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Osteocalcin, Not Adrenaline, Drives Fight Or Flight Response

alex mas

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article of september 2019:
Bone, not adrenaline, drives fight or flight response

When faced with a predator or sudden danger, the heart rate goes up, breathing becomes more rapid, and fuel in the form of glucose is pumped throughout the body to prepare an animal to fight or flee.

These physiological changes, which constitute the "fight or flight" response, are thought to be triggered in part by the hormone adrenaline.

But a new study from Columbia researchers suggests that bony vertebrates can't muster this response to danger without the skeleton. The researchers found in mice and humans that almost immediately after the brain recognizes danger, it instructs the skeleton to flood the bloodstream with the bone-derived hormone osteocalcin, which is needed to turn on the fight or flight response.

"In bony vertebrates, the acute stress response is not possible without osteocalcin," says the study's senior investigator Gérard Karsenty, MD, PhD, chair of the Department of Genetics and Development at Columbia University Vagelos College of Physicians and Surgeons.

"It completely changes how we think about how acute stress responses occur."

Why Bone?

"The view of bones as merely an assembly of calcified tubes is deeply entrenched in our biomedical culture," Karsenty says. But about a decade ago, his lab hypothesized and demonstrated that the skeleton has hidden influences on other organs.

The research revealed that the skeleton releases osteocalcin, which travels through the bloodstream to affect the functions of the biology of the pancreas, the brain, muscles, and other organs.

A series of studies since then have shown that osteocalcin helps regulate metabolism by increasing the ability of cells to take in glucose, improves memory, and helps animals run faster with greater endurance.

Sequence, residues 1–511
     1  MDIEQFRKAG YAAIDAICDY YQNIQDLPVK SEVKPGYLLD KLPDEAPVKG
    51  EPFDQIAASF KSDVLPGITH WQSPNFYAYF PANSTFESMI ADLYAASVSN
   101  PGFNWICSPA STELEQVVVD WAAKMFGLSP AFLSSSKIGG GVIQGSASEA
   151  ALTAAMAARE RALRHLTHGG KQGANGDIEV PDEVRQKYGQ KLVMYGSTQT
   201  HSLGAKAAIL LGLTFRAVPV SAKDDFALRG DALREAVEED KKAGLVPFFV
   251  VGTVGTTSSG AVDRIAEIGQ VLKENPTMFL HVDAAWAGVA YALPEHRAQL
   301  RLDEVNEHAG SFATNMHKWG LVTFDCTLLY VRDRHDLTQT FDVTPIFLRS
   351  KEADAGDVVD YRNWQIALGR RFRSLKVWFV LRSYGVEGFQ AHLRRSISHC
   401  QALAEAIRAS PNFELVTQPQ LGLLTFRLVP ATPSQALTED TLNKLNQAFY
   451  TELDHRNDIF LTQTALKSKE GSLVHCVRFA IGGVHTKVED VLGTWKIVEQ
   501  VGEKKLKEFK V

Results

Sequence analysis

Why does bone have all these seemingly unrelated effects on other organs?

"If you think of bone as something that evolved to protect the organism from danger -- the skull protects the brain from trauma, the skeleton allows vertebrates to escape predators, and even the bones in the ear alert us to approaching danger -- the hormonal functions of osteocalcin begin to make sense," Karsenty says. If bone evolved as a means to escape danger, Karsenty hypothesized that the skeleton should also be involved in the acute stress response, which is activated in the presence of danger.

Osteocalcin Necessary to React to Danger

If osteocalcin helps bring about the acute stress response, it must work fast, in the first few minutes after danger is detected.

In the new study, the researchers presented mice with predator urine and other stressors and looked for changes in the bloodstream. Within 2 to 3 minutes, they saw osteocalcin levels spike.

Similarly in people, the researchers found that osteocalcin also surges in people when they are subjected to the stress of public speaking or cross-examination.

When osteocalcin levels increased, heart rate, body temperature, and blood glucose levels in the mice also rose as the fight or flight response kicked in.

In contrast, mice that had been genetically engineered so that they were unable to make osteocalcin or its receptor were totally indifferent to the stressor. "Without osteocalcin, they didn't react strongly to the perceived danger," Karsenty says. "In the wild, they'd have a short day."

As a final test, the researchers were able to bring on an acute stress response in unstressed mice simply by injecting large amounts of osteocalcin.

Adrenaline Not Necessary for Fight or Flight

The findings may also explain why animals without adrenal glands and adrenal-insufficient patients -- with no means of producing adrenaline or other adrenal hormones -- can develop an acute stress response.

Among mice, this capability disappeared when the mice were unable to produce large amounts of osteocalcin.

"This shows us that circulating levels of osteocalcin are enough to drive the acute stress response," says Karsenty.

Physiology the New Frontier of Biology

Physiology may sound like old-fashioned biology, but new genetic techniques developed in the last 15 years have established it as a new frontier in science.

The ability to inactivate single genes in specific cells inside an animal, and at specific times, has led to the identification of many new inter-organ relationships. The skeleton is just one example; the heart and muscles are also exerting influence over other organs.